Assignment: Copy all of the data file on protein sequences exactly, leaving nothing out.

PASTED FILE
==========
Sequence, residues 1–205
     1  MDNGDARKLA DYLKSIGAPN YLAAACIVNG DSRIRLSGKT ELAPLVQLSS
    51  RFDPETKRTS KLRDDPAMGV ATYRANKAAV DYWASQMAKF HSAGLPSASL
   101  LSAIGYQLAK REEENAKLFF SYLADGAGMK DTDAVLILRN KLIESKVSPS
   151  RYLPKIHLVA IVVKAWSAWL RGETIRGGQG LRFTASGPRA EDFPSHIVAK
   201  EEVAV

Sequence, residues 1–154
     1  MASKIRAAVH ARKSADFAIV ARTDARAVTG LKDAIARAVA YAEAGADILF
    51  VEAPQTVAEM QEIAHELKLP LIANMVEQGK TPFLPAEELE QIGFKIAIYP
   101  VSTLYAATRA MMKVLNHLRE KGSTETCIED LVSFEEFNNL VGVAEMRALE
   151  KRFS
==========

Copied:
Sequence, residues 1–205
     1  MDNGDARKLA DYLKSIGAPN YLAAACIVNG DSRIRLSGKT ELAPLVQLSS
    51  RFDPETKRTS KLRDDPAMGV ATYRANKAAV DYWASQMAKF HSAGLPSASL
   101  LSAIGYQLAK REEENAKLFF SYLADGAGMK DTDAVLILRN KLIESKVSPS
   151  RYLPKIHLVA IVVKAWSAWL RGETIRGGQG LRFTASGPRA EDFPSHIVAK
   201  EEVAV

Sequence, residues 1–154
     1  MASKIRAAVH ARKSADFAIV ARTDARAVTG LKDAIARAVA YAEAGADILF
    51  VEAPQTVAEM QEIAHELKLP LIANMVEQGK TPFLPAEELE QIGFKIAIYP
   101  VSTLYAATRA MMKVLNHLRE KGSTETCIED LVSFEEFNNL VGVAEMRALE
   151  KRFS